The encyclical of Pope Francis. Reuters

In one of the most eagerly anticipated papal encyclicals in recent years, Pope Francis issued a biting critique of what he termed a “culture of consumerism,” holding it responsible for climate change and rising global temperatures. In the 184-page document released Thursday, Francis, who has made the preservation and care of the environment a hallmark of his papacy, called for “universal solidarity” in combating environmental degradation.

“A number of scientific studies indicate that most global warming in recent decades is due to the great concentration of greenhouse gases released mainly as a result of human activity. …A very solid scientific consensus indicates that we are presently witnessing a disturbing warming of the climatic system,” Francis wrote. “I urgently appeal, then, for a new dialogue about how we are shaping the future of our planet. We need a conversation which includes everyone, since the environmental challenge we are undergoing, and its human roots, concern and affect us all.”

In his encyclical -- a copy of which was leaked Monday in the Italian press -- Francis termed the present global situation “unprecedented in the history of humanity.” He also hit out at those who deny the science of climate change.

“Regrettably, many efforts to seek concrete solutions to the environmental crisis have proved ineffective, not only because of powerful opposition but also because of a more general lack of interest. Obstructionist attitudes, even on the part of believers, can range from denial of the problem to indifference, nonchalant resignation or blind confidence in technical solutions,” Francis wrote.

Reiterating the findings of several previous studies, the Pope said that the world’s poor would be forced to bear the brunt of climate change.

“Many of the poor live in areas particularly affected by phenomena related to warming, and their means of subsistence are largely dependent on natural reserves and ecosystemic services such as agriculture, fishing and forestry. They have no other financial activities or resources which can enable them to adapt to climate change or to face natural disasters, and their access to social services and protection is very limited,” he noted.

According to recent studies, as global temperatures rise, the accompanying rise in extreme weather events is expected to impact residents of low-income countries the most.

Rejecting the notion of mankind’s “dominion” over Earth, Francis also criticized the policy of carbon trading, which allows countries with higher carbon emissions to purchase the right to release more carbon from countries that have lower carbon emissions, in a bid to allow some countries to maintain their current “excessive consumption.”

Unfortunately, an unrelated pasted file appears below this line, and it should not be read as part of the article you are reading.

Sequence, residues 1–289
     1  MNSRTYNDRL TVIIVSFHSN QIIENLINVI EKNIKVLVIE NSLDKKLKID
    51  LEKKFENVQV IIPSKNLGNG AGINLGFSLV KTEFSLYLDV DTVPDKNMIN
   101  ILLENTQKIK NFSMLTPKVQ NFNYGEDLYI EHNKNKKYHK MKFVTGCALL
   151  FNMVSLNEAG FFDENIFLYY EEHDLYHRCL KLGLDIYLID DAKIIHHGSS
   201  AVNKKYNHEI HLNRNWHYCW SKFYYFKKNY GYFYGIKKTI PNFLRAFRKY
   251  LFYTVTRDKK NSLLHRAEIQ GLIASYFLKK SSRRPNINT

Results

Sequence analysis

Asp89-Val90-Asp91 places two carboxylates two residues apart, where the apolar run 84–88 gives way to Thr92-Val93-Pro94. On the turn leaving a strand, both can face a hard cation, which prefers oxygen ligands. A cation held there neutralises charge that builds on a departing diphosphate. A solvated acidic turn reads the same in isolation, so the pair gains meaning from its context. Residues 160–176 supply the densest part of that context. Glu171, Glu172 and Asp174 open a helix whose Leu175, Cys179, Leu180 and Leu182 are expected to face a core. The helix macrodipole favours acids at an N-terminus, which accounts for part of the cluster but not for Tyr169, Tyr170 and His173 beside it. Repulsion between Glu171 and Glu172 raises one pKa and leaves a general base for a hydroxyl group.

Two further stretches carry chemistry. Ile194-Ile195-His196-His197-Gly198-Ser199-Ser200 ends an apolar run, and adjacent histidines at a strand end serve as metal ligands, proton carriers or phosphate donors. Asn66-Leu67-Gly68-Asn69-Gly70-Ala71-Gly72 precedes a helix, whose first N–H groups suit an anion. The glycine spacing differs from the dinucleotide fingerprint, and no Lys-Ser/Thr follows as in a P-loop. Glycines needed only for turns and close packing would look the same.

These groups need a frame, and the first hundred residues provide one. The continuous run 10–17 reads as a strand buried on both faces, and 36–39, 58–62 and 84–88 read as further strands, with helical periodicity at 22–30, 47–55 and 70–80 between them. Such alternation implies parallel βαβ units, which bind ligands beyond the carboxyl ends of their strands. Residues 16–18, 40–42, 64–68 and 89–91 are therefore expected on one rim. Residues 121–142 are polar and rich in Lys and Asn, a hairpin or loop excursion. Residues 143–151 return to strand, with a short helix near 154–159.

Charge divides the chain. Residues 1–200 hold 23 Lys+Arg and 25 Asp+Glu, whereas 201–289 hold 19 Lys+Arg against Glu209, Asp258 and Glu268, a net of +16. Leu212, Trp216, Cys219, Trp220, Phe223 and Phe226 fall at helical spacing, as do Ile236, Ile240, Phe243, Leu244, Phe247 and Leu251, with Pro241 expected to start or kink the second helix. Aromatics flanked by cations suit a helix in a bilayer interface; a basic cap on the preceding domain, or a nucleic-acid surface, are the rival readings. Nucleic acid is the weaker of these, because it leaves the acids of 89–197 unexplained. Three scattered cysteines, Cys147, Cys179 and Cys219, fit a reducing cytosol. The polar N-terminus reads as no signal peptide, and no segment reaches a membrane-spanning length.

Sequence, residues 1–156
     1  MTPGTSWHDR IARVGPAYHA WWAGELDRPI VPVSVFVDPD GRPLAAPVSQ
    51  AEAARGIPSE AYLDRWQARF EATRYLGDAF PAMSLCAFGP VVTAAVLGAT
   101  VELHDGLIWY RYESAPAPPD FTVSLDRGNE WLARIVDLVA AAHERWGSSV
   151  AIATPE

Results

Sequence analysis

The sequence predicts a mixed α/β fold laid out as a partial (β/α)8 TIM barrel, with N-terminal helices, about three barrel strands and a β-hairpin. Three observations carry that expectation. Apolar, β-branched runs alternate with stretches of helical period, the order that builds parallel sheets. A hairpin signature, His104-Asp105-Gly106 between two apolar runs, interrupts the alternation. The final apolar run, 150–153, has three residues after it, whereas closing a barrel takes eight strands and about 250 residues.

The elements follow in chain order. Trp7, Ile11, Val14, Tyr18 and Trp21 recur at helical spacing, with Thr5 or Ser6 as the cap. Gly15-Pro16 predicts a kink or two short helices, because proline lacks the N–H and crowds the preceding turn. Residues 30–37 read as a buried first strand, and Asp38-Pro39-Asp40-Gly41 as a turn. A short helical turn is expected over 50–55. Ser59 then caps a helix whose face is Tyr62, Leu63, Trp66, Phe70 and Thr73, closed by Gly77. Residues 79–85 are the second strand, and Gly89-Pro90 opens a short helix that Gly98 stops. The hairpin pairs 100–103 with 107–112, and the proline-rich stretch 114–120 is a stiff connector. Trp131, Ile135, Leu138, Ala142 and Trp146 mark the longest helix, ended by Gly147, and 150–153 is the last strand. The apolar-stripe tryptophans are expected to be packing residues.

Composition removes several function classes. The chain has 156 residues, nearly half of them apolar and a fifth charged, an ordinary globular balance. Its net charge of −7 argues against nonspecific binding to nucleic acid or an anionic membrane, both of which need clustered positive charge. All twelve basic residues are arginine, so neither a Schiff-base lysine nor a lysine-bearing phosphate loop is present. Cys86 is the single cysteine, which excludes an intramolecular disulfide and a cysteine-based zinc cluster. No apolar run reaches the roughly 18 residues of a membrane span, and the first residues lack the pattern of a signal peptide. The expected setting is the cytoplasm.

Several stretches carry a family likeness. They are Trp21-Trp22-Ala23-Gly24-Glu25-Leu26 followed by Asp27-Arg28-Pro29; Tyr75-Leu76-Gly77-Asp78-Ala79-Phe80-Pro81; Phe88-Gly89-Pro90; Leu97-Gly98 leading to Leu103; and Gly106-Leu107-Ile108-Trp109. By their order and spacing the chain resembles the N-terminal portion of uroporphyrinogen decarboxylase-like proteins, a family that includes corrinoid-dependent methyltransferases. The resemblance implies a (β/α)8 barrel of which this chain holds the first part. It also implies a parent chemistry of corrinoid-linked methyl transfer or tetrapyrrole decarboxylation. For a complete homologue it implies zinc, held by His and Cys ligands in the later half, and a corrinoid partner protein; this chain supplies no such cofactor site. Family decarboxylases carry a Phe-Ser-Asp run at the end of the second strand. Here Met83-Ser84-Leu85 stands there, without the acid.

“The strategy of buying and selling ‘carbon credits’ can lead to a new form of speculation which would not help reduce the emission of polluting gases worldwide. This system seems to provide a quick and easy solution under the guise of a certain commitment to the environment, but in no way does it allow for the radical change which present circumstances require,” the Pope wrote, in the encyclical.

Since records began in 1880, global temperatures have risen by 1.4 degrees Fahrenheit. And, over the last 100 years, the global average sea level has gone up by seven inches -- a phenomenon whose effect is already being felt by island nations in the Pacific Ocean and people living in coastal regions.

The Pope also seemed unimpressed with the hitherto “weak” global response to climate change. “The failure of global summits on the environment makes it plain that our politics are subject to technology and finance,” Francis wrote.

Climate scientists and environmentalists have also criticized leaders of the G7 nations for failing to include binding emission-reduction targets, and for failing to detail concrete steps to achieve the promised “decarbonization” of the global economy by the end of the century.

What is needed, Francis said, is a “bold cultural revolution” that aims to recover values swept away by humans’ “unrestrained delusions of grandeur.

“The earth, our home, is beginning to look more and more like an immense pile of filth,” the Pope lamented. However, “all is not lost.”

“Human beings, while capable of the worst, are also capable of rising above themselves, choosing again what is good, and making a new start, despite their mental and social conditioning,” he added.